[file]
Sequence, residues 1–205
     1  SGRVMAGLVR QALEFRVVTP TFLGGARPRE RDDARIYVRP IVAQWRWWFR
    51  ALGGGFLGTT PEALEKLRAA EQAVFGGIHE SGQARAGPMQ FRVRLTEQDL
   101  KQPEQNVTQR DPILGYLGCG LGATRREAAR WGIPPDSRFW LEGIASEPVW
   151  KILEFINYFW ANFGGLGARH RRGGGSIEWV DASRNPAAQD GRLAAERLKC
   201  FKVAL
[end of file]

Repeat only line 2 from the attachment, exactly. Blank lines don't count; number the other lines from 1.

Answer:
     1  SGRVMAGLVR QALEFRVVTP TFLGGARPRE RDDARIYVRP IVAQWRWWFR